24 Competition in the Short-run (Profit Maximization) The second-order condition (SOC) for profit maximization requires that the second derivative of the profit function be negative. This is given as: 2 π q 2 = 2 TR q 2 2 TC q 2 < 0 Thus, 2 TR q 2 (slope of MR curve) < 2 TC q 2 (slope of MC curve). The SOC therefore requires that the slope of the MC curve to be steeper than that of the MR curve or the MC curve must cut the MR curve from below. In perfect competition, the slope of the MR curve is zero; resultantly, the SOC requires that the MC curve must have a positive/rising slope. This (SOC) is simplified as: 0 < 2 TC q 2 Slide 24

25 Competition in the Short-run (Profit Maximization) Optimum output level (TR/TC versus MR/MC): In Figure 2(a), the optimum quantity is where MR=MC. This same optimum quantity in Figure 2(b) provides the largest profit (gap between TR and TC) Figure 2(a): Total Cost and Total Revenue (GHS) Q Figure 2(b): Marginal Cost and Marginal Revenue (GHS) Q Slide TR TC MC MR

26 Total cost, revenue (GHC) Competition in the Short-run (Profit Maximization) Figure Loss Maximum profit= GHS 81 GHS 130 Loss TC Profit Quantity TR Slide 26

27 Profit Maximization Measuring a Firm s Profit To measure profit, simply subtract total cost from total revenue TR TC PQ ATC Q P ATC Q Graphically, profit is measured by computing the area of a rectangle Length = Q Height = the difference between P and ATC

28 Competition in the Short-run (Profit Maximization) Figure 4 Economic Profit (P > ATC): Here, the return on the existing allocation exceeds its opportunity cost. Price P Profit MC ATC D=MR=P AVC Total Cost Q Quantity Slide 28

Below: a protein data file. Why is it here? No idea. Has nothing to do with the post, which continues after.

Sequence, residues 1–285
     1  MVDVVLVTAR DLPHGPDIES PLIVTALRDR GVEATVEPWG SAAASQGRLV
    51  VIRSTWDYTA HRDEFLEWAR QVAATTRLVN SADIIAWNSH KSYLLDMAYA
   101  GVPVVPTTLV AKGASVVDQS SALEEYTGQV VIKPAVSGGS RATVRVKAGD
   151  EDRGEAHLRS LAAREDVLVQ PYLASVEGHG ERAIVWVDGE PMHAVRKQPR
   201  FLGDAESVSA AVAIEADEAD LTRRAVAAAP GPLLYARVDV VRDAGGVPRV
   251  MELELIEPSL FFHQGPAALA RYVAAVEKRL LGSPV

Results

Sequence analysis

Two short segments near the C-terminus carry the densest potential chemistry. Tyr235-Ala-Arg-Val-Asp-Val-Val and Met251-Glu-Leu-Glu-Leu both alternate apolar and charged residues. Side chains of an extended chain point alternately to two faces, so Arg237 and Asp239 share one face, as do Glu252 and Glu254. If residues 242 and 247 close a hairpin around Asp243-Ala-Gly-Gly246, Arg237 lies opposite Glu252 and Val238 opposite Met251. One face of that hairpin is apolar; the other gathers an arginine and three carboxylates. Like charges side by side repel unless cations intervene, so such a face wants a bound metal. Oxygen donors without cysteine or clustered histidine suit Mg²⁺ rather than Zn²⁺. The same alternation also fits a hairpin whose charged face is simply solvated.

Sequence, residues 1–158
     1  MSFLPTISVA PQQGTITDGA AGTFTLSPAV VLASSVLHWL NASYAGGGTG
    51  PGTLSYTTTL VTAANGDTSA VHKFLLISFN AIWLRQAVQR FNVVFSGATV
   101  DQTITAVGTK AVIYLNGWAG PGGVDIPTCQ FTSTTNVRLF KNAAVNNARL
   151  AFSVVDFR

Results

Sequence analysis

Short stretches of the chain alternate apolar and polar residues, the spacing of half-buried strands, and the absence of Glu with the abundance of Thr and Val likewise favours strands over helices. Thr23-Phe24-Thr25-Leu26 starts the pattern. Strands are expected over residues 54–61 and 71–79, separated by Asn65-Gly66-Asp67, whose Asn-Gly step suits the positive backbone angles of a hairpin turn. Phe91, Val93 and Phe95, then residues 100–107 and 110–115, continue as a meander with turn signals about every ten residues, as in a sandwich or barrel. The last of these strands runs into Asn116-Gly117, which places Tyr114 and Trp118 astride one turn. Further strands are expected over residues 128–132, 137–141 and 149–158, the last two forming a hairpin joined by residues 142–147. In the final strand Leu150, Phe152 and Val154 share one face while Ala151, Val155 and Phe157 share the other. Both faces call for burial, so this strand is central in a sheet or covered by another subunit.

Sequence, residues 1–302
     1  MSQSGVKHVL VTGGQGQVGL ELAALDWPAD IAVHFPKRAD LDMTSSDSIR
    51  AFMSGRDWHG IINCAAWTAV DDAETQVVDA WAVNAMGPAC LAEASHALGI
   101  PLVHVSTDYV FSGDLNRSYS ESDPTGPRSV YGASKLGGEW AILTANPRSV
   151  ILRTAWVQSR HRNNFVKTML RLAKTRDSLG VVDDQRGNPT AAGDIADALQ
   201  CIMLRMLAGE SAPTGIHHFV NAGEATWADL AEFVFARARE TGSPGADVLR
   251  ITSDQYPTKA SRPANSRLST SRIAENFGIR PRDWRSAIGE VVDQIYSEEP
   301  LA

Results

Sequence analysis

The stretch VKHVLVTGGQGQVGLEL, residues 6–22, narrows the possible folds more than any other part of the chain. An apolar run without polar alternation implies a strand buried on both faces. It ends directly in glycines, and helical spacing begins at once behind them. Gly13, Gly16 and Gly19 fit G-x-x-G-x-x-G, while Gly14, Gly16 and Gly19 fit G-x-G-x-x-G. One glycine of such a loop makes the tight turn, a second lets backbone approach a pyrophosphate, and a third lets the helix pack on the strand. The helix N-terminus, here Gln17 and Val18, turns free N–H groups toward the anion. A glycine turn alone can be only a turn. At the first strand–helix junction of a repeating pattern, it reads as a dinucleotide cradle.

29 Competition in the Short-run (Profit Maximization) Normal Profit (P = ATC): This is the breakeven profit where firms earn zero economic profit but normal profit. Normal profit is where the firm earns fair profit, such that the returns from exiting allocation is not different from its opportunity cost. Price P Figure 5 MC ATC D=MR=P AVC Total Cost = Total Revenue Q Quantity Slide 29

30 Competition in the Short-run (Profit Maximization) A firm encounters an economic Loss (P < ATC) when the return on the existing allocation is less than its opportunity cost. Price Figure 6 MC ATC In Figure 6, the firm should continue to operate because it covers part of its fixed cost or longterm unavoidable obligations. Thus, if the firm shuts down, it will incur a higher loss than if it continues to operate. P Loss Total Cost Q AVC D=MR=P Quantity A firm should only shut down if it cannot cover its variable costs. Slide 30

31 Determining Whether to Shut Down What happens if profit is negative? Should a firm shut down? In the short run, the firm still has to pay its fixed costs. If the firm shuts down, profits are given by shut down TR TC TR FC VC The difference is given by 0 FC 0 FC Alternatively, if the firm continues operating, operate TR TC TR FC VC operate shut down TR VC In general, firms should remain open and operating in the short run as long as revenue can cover variable costs, even if net profit is negative.

32 Determining Whether to Shut Down P > AVC: Continue operating Price & cost ( /unit) MC ATC Loss ATC* P* AVC* AVC d = MR Q* Quantity

33 Determining Whether to Shut Down Continue operating if TR VC or P AVC* where the * indicates the profit-maximizing (or loss-minimizing) quantity. Shut down if TR VC or P AVC* Continue operating as long as you cover your variable costs! If the price should fall below the minimum AVC then the firm s revenue cannot cover the cost incurred on the variable input and must shutdown Thus at the shutdown point: pq < TVC q or p = TVC q q = AVC

34 GHS per nut Competition in the Short-run (Supply Curve) MC S 5 E 3 p E 2 p 2 AVC 4 3 E 1 p E 0 p Quantity Figure 7. Marginal cost and average variable cost curves q 0 q 1 q 2 q 3 Quantity Figure 8. The supply curve Slide 34